12. Install any expansion cards (graphics, Wi-Fi, etc.).
    Install any expansion cards
    Refer to the motherboard manual for the locations of the PCI-e slots. Here is an article we wrote on installing expansion cards.
  13. Install the power supply.
    Install the power supply
    Depending on the power supply, it may or may not have the power cables already attached. Route the cables thought the case making sure not to cut them on any sharp metal edges.

Now just make sure all of the wire ties are trimmed back and all of the protective film that protects the case is removed. Attach the keyboard, mouse and monitor and go into the BIOS (Basic Input / Output System) to verify and / or change any of the settings. Refer to the motherboard manual on how to do this. Once you are done in the BIOS, you should be ready to install the operating system.

Things to keep in mind when building a custom-built computer

So, you are thinking about building your own computer. There are allot of things you have to decide on. So here are a few things to keep in mind when building your own custom-built computer.

Things to keep in mind when building a custom-built computer

Building your own system can be quite satisfying, like being able to say "I built it myself". And you can also perform any service on it, since you know where everything is located.

But if you do not plan it out, it can be a nightmare. Like having to return components that are not right. It can be a real headache if you order them online and have to ship them back.

So, let's take a look at some of the considerations you have to think about before you purchase the components for your custom-built computer.

Form vs Function

It is an age-old problem: Form vs. Function. Do you want a system that is really cool looking or takes up very little space (form)? Or maybe a system that can run graphic intense games or can hold ton of components (function)?

Over the years I have built both types of computers for my personal use. My first few were built purely for function, playing games and a ton of storage using a RAID (Redundant Array of Independent Disks).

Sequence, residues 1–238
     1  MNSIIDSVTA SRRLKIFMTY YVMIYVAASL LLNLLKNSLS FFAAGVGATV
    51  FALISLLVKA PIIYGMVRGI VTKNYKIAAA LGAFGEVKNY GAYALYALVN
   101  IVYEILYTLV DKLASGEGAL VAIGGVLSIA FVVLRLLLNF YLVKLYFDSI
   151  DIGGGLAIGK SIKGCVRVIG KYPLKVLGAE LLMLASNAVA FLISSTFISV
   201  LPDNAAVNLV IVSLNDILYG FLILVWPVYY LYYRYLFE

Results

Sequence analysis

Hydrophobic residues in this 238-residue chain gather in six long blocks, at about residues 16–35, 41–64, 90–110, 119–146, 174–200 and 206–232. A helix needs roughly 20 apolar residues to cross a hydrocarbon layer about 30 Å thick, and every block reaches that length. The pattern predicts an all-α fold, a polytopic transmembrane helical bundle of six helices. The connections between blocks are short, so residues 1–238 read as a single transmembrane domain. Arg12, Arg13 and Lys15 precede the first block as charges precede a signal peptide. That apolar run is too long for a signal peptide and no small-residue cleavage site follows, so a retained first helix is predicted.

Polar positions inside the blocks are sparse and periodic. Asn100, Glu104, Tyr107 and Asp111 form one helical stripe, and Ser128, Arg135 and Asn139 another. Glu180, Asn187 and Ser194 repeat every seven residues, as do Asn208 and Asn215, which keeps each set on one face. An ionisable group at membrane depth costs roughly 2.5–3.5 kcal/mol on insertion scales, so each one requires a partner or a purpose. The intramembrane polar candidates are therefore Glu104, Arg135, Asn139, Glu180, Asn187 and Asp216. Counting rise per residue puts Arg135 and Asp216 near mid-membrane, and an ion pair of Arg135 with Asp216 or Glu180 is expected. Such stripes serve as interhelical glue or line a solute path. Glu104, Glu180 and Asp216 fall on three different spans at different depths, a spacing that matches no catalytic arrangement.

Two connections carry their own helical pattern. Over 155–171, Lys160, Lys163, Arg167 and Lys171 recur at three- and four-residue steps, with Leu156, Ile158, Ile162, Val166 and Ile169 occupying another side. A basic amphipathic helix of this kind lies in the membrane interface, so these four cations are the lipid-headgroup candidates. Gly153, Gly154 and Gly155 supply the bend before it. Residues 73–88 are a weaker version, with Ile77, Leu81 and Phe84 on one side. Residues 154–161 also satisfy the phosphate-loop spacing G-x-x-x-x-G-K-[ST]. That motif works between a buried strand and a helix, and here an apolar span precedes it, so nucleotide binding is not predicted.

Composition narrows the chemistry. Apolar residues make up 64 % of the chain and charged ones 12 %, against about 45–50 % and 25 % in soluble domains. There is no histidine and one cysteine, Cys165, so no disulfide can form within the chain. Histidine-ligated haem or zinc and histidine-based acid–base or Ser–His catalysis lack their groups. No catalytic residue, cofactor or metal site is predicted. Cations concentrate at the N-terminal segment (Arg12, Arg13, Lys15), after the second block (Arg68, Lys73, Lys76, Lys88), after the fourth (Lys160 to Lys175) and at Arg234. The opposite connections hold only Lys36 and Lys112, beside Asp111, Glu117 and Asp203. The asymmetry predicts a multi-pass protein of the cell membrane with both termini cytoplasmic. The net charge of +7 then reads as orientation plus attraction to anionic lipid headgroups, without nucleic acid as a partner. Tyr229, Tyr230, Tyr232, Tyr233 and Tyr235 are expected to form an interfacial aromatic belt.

They were big and not very pretty to look at, but they served the purpose. But systems like that have one big issue: cooling. Trying to keep all of the components cool was tough.

Now a few years ago I decided that I was tired of having to leave the side panel of my computer case off and have fan blowing air in to it. It just didn't look good to me or others that I might have come into my office.

I wasn't playing the games anymore and the size of hard drives had increased, so I did not need to have a RAID any more. So, I decided to start using a case that was more appealing to the eyes.

A custom-built computer based on Form

If you are thinking about building your custom-built computer based on form, then the first thing you have to decide on is the case. They come in all sorts of sizes, ranging from the ultra-small mini-ITX to an ATX bench case.

You can go with a conventional looking case or something unique, like clear Plexiglass. You can get them with a ton of LED's or just plain.
A computer case with a custom finish
You can find them in all sorts of colors or you can apply your own finish.

Custom cases: Faux Stone and Chalkboard
Custom cases: Back in Black
Custom Cases: The Antec Skeleton

Or you can go with something completely open like an Antec Skeleton.
An orginal Antec Skeleton case
It is whatever you want your custom-built computer to look like. Once you have decided on a case, the case will dictate what components you can put inside (motherboard, graphics card, power supply, etc.).

If the case you want to use can hold a micro-ATX or standard ATX motherboard, you can follow the Function factor instructions below. If the case you want to use can hold a mini-ITX or mini-ATX motherboard, finding a motherboard is the next step.

Since mini-ITX and mini-ATX cases are small, the motherboards for them will have limited options for what CPU's (Central Processing Unit) they can use. Remember that the faster the CPU runs, the more heat it will make.

And with smaller mini-ITX and mini-ATX cases, CPU cooling options may be limited to just air cooled heatsinks. It just depends on how much space inside of the case you have available.

When it comes to GPU's (Graphics Processing Unit), you may or may not have room for one. But if you are not going to be using your system for graphic intensive programs like Photoshop, you can easily use the on-board graphics built-in to the motherboard.

In some mini-ITX and mini-ATX cases, you can use a GPU if you use a riser board that comes up off of the motherboard. But keep in mind that some cases can use full-height expansion cards and some can use only half-height expansion cards, so double check the specifications for the case.

When it comes to drives, you will probably have to go with a 2.5" drive, either a (Solid State Drive (SSD)) or (Hard Disk Drive (HDD)). Of course, it all depends on what the case has been designed to hold. The same holds true for a CD / DVD / BD optical drive.